" Under the doctrine of res judicata or 'claim preclusion,' a final judgment on the merits in one action precludes a second suit based on the same cause of action between the same parties or their privies." Whitacre P'ship v. BioSignia, Inc., 358 N.C. 1, 15, 591 S.E.2d 870, 880 (2004) (citation omitted). " For res judicata to apply, a party must show that the previous suit resulted in a final judgment on the merits, that the same cause of action is involved, and that both the party asserting res judicata and the party against whom res judicata is asserted were either parties or stand in privity with parties." State ex rel. Tucker v. Frinzi, 344 N.C. 411, 413-14, 474 S.E.2d 127, 128 (1996) (quotation omitted). " The doctrine prevents the relitigation of all matters ... that were or should have been adjudicated in the prior action." Whitacre P'ship, 358 N.C. at 15, 591 S.E.2d at 880 (quotation omitted).
Under the doctrine of collateral estoppel, or issue preclusion, " a final judgment on the merits prevents relitigation of issues actually litigated and necessary to the outcome of the prior action in a later suit involving a different cause of action between the parties or their privies." Frinzi, 344 N.C. at 414, 474 S.E.2d at 128. A party asserting collateral estoppel is required to show that " the earlier suit resulted in a final judgment on the merits, that the issue in question was identical to an issue actually litigated and necessary to the judgment, and that both the party asserting collateral estoppel and the party against whom collateral estoppel is asserted were either parties to the earlier suit or were in privity with parties." Id. at 414, 474 S.E.2d at 128-29.

Williams v. Peabody, 217 N.C.App. 1, 4-5, 719 S.E.2d 88, 92-93 (2011).

[A]n issue is actually litigated, for purposes of collateral estoppel or issue preclusion, if it is properly raised in the pleadings or otherwise submitted for determination and [is] in fact determined. A very close examination of matters actually litigated must be made in order to determine if the underlying issues are in fact identical[; ] [i]f they are not identical, then the doctrine of collateral estoppel does not apply.

Id. at 6, 719 S.E.2d at 93 (citations and quotations omitted).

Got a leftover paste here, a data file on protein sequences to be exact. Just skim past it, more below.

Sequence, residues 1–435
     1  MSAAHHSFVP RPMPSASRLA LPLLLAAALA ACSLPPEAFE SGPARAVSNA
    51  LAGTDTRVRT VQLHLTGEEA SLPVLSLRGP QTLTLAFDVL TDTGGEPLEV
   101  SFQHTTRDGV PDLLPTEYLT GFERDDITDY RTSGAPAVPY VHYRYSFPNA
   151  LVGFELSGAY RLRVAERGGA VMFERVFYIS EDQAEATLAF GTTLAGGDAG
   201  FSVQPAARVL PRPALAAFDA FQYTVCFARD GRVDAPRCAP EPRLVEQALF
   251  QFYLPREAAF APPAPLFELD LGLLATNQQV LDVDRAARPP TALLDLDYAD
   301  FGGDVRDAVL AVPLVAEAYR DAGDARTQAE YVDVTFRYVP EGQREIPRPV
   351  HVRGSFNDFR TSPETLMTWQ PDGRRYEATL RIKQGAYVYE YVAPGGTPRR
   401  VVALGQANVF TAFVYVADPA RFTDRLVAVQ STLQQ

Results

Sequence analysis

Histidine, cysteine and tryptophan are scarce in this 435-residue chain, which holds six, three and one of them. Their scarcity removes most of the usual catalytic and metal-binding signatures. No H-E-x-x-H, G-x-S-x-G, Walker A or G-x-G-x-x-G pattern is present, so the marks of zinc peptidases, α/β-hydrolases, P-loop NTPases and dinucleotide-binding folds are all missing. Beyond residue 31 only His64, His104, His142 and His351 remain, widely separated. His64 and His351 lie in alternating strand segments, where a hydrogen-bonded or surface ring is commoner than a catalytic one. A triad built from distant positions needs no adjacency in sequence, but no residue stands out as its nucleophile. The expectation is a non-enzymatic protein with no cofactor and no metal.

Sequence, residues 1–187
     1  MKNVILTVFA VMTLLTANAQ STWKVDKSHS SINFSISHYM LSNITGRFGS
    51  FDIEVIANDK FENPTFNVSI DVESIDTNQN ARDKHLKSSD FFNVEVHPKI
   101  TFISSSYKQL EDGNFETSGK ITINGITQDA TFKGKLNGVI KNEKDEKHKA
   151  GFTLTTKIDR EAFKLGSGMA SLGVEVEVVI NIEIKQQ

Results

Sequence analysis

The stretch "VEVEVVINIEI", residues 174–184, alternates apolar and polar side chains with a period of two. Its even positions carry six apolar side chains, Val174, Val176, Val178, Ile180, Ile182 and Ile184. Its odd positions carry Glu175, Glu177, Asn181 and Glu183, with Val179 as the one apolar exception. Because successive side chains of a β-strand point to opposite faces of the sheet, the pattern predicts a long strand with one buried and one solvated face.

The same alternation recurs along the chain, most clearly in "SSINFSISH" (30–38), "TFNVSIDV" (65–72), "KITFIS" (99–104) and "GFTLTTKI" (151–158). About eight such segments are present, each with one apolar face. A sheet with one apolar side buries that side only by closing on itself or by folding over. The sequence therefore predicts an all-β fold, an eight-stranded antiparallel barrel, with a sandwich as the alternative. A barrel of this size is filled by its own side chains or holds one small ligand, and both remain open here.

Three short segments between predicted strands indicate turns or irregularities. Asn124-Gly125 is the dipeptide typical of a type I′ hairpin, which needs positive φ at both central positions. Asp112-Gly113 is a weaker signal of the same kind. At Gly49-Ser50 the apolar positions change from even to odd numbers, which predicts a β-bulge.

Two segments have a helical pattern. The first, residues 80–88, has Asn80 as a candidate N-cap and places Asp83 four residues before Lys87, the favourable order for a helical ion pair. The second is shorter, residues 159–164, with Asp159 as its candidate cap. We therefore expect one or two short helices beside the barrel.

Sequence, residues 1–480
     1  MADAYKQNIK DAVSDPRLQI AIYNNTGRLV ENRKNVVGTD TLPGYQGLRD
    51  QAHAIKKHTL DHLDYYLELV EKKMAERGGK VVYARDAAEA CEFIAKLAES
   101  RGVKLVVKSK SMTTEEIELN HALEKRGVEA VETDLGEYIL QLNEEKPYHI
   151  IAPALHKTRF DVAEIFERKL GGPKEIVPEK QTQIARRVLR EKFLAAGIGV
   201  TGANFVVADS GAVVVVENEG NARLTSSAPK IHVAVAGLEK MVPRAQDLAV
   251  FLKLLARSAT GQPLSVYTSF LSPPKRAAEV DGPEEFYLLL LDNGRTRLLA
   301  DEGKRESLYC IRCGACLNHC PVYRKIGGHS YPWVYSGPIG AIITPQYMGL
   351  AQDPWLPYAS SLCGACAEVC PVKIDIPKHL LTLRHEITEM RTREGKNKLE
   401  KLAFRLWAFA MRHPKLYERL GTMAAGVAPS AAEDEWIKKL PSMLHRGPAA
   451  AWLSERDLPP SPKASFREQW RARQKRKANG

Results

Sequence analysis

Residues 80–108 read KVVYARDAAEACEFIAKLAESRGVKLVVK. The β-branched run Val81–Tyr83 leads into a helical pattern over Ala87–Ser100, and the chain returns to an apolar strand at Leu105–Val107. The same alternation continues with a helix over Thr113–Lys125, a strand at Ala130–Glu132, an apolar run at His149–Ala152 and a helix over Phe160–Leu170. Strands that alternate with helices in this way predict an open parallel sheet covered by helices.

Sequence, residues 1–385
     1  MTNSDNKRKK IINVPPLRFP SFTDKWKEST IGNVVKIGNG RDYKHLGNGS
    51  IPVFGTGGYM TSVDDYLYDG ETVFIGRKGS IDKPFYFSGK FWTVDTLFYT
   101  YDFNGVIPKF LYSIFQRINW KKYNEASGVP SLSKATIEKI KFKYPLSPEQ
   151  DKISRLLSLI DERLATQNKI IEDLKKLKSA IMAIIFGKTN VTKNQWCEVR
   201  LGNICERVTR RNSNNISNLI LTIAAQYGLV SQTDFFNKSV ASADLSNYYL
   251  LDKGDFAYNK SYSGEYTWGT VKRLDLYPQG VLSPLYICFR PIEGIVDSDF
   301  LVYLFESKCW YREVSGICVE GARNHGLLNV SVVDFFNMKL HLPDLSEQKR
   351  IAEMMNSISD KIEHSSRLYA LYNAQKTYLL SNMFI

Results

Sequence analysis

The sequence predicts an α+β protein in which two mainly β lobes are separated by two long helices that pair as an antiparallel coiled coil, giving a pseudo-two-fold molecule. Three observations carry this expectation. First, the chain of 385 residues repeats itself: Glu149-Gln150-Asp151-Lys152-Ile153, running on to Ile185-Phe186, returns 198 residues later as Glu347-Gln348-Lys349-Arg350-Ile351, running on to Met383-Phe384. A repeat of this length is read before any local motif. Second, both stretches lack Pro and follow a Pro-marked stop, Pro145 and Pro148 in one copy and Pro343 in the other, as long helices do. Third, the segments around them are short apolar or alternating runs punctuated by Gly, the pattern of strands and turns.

The plea of res adjudicata [sic] applies, ... not only to the points upon which the court was required by the parties to form an opinion and pronounce a judgment, but to every point which properly belonged to the subject in litigation and which the parties, exercising reasonable diligence, might

Page 872

have brought forward at the time and determined respecting it.

Id. at 7, 719 S.E.2d at 94. (quoting Edwards v. Edwards, 118 N.C.App. 464, 472, 456 S.E.2d 126, 131 (1995)).

" Our standard of review of an appeal from summary judgment is de novo; such judgment is appropriate only when the record shows that 'there is no genuine issue as to any material fact and that any party is entitled to a judgment as a matter of law.'" In re Will of Jones, 362 N.C. 569, 573, 669 S.E.2d 572, 576 (2008) (quoting Forbis v. Neal, 361 N.C. 519, 524, 649 S.E.2d 382, 385 (2007)).

IV. Res Judicata and Collateral Estoppel

Hedgepeth contends that POA, Lewis and Easton are bound by the federal court order under the doctrines of res judicata and collateral estoppel as to the 25-foot easement and the 10-foot easement found by the federal court.

We first note that, pursuant to Williams v. Peabody, our review for res judicata and collateral estoppel is based upon the federal court order, and upon the pleadings and complaint in that action. In his complaint, Hedgepeth asserted that he was entitled to the use of the subdivision roads in Parker's Landing Subdivision to access his property. Because the federal court order adjudicated more legal theories than were asserted in Hedgepeth's complaint, we look primarily to that order.

The federal court order stated that Hedgepeth's complaint in that court " [sought] judicial declaration of an easement benefitting the Hedgepeth Tract across the Parker's Landing tract via Parker's Landing Drive." As a preliminary matter, we hold that the sole issue actually litigated before the United States District Court for the Eastern District of North Carolina was the existence and location of any easements that crossed the Parker's Landing Subdivision property, providing access to a public road for the Hedgepeth Tract.